Australian Aluminium Council welcomes new aluminium decarbonisation roadmap

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The Australian Aluminium Council has backed a new aluminium decarbonisation strategy developed by the Mission Possible Partnership and the International Aluminium Institute

The Making Net Zero Aluminium Possible: A Transition Strategy for a 1.5° C-compliant Aluminium Sector, which was introduced at the recent New York Climate Week, proposes an ambitious but achievable decarbonisation roadmap for the global aluminium industry. 

Aluminium plays a critical role in global energy transition, with global demand expected to increase by almost 80 per cent from 2020 to 179 million tonnes per year by 2050. 

“We welcome the support already shown by the federal and state governments for that research, while noting the scale of the challenge ahead,” the council said in a media release

“The Strategy indicates that for the ‘digestion’ phase of the refining process, while a range of solutions will likely become commercially available in the late 2020s, their suitability depends on local conditions, particularly the availability of zero-emissions electricity.”

According to the strategy, a global investment of approximately USD 1 trillion will be required for the aluminium sector transition, including significant investment to supply the required zero-emissions electricity.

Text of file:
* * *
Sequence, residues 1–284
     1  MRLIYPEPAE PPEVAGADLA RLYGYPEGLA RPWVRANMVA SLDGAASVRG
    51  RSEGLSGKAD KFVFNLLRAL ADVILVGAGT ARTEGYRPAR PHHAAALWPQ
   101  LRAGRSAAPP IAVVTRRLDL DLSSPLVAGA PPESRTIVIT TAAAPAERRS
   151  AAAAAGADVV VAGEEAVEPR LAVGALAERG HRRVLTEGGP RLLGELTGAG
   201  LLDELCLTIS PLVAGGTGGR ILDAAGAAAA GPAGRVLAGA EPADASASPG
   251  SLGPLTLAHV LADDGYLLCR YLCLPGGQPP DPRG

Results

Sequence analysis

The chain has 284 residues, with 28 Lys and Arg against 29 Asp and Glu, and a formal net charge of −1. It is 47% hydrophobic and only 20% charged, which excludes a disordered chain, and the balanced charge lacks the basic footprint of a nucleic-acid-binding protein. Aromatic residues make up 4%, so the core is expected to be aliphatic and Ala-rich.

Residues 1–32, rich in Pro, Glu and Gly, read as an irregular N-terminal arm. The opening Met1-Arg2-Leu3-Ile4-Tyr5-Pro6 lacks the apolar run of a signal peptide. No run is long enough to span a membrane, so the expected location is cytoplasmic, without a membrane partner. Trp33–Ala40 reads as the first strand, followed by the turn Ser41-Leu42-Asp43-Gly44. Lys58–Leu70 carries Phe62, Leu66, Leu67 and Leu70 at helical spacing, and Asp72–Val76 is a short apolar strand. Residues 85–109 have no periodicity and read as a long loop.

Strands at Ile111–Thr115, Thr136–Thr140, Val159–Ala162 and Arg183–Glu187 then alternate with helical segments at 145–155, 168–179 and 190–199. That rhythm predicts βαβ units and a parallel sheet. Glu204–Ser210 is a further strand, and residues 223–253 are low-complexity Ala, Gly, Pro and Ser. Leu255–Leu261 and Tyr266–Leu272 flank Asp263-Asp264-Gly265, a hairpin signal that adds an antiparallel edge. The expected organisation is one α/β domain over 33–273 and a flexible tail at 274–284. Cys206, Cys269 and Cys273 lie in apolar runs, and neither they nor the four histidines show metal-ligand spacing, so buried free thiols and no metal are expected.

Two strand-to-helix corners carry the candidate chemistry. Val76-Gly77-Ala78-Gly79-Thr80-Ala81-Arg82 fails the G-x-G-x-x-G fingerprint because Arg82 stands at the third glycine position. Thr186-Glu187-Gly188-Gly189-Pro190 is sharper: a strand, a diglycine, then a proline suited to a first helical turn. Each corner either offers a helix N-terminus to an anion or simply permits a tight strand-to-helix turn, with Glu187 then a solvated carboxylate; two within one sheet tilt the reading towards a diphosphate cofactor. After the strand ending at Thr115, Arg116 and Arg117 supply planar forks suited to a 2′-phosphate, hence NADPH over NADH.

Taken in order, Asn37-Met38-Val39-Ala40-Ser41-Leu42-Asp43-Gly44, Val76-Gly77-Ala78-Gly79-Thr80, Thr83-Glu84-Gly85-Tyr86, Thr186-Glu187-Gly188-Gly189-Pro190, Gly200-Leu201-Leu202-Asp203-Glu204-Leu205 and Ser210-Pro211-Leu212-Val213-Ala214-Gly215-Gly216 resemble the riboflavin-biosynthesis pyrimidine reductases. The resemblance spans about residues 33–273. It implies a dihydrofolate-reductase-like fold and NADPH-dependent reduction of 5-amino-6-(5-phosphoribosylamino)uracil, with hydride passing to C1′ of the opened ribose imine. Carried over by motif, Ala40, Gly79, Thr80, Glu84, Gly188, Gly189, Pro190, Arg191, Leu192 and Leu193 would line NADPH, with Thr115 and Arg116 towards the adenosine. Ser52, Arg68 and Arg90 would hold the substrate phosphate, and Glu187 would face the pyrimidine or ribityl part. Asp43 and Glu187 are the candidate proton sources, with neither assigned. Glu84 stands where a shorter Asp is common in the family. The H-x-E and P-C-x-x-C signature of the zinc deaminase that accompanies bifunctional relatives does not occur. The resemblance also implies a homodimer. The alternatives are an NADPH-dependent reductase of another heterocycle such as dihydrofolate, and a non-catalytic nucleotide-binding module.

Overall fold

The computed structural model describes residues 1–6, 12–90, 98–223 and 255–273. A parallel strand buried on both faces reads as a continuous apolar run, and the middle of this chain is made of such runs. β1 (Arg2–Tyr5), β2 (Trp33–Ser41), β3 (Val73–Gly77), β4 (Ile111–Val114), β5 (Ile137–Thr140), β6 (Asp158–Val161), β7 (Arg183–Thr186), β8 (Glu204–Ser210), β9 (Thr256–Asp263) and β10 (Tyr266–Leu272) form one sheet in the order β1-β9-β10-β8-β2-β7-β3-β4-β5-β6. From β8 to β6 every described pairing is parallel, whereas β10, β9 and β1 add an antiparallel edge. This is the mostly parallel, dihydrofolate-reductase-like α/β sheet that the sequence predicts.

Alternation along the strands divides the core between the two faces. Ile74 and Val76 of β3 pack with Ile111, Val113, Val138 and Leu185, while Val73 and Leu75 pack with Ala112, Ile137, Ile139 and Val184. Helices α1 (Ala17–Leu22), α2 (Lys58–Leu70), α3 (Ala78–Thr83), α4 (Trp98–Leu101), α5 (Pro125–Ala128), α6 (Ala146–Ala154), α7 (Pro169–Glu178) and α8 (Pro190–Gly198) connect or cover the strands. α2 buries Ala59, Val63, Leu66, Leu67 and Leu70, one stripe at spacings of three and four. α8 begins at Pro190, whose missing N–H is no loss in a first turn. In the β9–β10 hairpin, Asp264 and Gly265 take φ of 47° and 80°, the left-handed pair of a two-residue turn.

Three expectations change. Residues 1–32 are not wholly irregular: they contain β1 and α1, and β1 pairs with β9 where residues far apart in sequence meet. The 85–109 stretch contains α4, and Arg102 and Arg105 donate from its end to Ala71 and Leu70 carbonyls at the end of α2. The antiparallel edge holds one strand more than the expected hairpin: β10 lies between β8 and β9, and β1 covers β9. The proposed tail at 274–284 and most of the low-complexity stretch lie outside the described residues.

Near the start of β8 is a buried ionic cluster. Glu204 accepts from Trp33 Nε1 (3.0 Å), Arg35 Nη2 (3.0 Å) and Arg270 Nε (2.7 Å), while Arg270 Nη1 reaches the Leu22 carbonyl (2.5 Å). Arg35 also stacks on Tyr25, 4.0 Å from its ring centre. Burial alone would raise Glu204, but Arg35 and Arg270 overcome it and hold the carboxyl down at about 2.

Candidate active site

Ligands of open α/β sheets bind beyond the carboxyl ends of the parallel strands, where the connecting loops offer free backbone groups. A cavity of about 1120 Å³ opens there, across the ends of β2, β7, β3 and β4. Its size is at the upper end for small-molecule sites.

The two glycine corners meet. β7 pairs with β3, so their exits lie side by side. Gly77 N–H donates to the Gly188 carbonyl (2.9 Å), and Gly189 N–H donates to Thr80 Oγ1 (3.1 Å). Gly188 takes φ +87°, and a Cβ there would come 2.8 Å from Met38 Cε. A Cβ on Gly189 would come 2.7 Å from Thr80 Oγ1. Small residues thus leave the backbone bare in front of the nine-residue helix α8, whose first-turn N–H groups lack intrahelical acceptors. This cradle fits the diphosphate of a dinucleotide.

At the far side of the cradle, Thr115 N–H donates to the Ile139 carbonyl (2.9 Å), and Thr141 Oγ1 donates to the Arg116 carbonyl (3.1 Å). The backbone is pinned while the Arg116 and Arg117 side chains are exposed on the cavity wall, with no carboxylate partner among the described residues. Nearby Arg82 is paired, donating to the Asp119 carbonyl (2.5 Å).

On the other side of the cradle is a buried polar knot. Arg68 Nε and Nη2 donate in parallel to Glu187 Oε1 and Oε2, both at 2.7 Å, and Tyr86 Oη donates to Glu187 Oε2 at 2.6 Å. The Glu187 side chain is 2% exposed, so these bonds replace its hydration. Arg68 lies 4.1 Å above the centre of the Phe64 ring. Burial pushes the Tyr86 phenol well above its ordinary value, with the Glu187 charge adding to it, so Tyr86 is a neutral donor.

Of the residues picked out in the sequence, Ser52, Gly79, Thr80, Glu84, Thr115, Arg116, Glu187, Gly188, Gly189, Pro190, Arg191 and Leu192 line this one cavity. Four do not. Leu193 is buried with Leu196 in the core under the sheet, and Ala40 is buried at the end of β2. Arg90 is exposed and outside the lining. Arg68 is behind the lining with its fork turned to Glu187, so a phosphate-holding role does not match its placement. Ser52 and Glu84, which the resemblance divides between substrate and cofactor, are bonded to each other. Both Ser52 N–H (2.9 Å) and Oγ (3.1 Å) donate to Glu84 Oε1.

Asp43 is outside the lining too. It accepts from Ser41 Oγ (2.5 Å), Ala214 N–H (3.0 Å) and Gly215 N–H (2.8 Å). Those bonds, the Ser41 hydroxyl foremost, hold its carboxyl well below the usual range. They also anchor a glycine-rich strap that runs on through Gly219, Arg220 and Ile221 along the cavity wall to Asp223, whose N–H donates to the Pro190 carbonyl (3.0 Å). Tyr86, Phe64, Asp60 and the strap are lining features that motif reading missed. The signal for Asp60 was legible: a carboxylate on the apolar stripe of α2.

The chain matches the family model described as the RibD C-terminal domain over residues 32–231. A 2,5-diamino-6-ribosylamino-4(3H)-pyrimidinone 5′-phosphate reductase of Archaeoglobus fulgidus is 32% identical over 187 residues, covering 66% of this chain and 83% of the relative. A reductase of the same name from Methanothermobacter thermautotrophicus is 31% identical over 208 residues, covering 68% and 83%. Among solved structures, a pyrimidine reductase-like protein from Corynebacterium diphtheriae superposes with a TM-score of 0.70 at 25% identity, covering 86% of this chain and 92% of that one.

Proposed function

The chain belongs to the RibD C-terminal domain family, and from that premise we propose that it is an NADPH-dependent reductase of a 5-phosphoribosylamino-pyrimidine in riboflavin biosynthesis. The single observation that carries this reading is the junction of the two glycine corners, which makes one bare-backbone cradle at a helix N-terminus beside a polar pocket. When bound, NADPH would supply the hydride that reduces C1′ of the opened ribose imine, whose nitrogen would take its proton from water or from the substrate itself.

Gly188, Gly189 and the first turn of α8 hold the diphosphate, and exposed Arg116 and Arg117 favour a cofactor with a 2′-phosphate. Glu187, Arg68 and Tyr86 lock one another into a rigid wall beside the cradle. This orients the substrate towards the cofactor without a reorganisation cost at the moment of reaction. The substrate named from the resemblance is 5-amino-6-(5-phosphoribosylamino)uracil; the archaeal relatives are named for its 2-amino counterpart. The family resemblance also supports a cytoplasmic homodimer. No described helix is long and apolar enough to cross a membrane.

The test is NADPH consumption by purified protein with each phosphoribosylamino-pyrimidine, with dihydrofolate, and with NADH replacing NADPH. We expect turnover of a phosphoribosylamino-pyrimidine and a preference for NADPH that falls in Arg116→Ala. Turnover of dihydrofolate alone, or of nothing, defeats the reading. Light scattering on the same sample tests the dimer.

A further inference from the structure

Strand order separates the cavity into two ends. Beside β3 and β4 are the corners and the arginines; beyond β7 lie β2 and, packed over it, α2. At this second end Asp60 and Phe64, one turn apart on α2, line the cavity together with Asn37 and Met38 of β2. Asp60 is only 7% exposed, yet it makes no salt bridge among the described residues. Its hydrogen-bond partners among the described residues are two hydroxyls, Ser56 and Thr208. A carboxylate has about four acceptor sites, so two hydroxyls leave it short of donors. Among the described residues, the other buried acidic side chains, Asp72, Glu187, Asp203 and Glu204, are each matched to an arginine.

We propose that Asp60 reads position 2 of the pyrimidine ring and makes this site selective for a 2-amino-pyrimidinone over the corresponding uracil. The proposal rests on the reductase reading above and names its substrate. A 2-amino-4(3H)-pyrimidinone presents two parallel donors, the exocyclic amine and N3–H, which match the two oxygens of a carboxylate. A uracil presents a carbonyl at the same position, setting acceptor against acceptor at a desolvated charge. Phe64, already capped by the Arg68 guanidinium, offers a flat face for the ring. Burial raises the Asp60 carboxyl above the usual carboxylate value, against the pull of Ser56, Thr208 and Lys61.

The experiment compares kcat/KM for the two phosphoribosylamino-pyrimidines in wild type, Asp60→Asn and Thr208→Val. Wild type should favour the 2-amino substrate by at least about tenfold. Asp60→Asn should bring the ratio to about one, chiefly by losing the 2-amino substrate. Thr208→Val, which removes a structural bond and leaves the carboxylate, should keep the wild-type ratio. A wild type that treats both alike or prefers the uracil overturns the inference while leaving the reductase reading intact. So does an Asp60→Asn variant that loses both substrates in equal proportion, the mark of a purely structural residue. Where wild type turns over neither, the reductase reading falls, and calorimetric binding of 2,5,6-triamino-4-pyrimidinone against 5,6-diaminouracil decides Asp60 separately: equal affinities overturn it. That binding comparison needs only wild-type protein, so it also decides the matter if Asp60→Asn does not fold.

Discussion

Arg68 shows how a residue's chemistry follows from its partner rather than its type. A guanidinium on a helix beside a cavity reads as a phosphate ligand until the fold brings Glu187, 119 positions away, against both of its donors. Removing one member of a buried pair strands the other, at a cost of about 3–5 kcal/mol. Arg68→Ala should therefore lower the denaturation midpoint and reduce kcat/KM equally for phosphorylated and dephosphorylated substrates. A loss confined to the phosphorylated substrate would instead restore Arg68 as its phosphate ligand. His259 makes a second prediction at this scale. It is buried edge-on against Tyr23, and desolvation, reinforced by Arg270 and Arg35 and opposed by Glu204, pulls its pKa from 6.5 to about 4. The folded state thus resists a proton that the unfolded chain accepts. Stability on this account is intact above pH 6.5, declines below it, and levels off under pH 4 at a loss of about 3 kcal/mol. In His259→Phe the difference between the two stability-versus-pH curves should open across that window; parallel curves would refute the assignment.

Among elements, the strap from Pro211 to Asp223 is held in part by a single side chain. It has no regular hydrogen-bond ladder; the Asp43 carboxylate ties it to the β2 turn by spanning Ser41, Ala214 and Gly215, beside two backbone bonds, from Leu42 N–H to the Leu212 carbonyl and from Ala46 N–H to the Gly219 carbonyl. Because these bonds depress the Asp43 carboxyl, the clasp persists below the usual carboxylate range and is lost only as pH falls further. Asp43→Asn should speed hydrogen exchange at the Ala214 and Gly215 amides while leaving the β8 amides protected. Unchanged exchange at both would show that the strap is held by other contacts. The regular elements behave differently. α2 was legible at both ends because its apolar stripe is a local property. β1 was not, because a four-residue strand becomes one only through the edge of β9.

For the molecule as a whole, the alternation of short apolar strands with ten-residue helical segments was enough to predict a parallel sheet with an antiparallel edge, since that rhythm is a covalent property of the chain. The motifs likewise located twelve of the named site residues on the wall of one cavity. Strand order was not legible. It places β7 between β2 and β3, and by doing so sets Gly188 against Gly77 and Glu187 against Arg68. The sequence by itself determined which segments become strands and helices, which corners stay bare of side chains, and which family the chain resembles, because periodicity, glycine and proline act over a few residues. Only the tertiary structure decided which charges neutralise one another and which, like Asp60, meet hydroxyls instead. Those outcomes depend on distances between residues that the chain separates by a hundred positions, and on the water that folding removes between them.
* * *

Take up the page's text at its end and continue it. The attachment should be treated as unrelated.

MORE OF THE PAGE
Marghanita Johnson, CEO of the council, lauded the strategy for recognising the possibility of meeting rising aluminium demand, reducing emissions from the sector to net zero by 2050, and achieving a 1.5°C target. 

“The Strategy outlines not only actions the industry needs to take, but also actions required by Governments to support this. In particular, developing policy which is predictable, stable and transparent will enable businesses to confidently plan for this substantial investment,” said Johnson. 

In a statement, Johnson said the owners of Australia’s four smelters have signalled their desire to recontract renewable energy at the end of their current terms, running from 2025 to 2029. 

Smelters are expected to play a key role in being more flexible users of power to help balance variable generation grid systems over the long term, according to the council’s statement.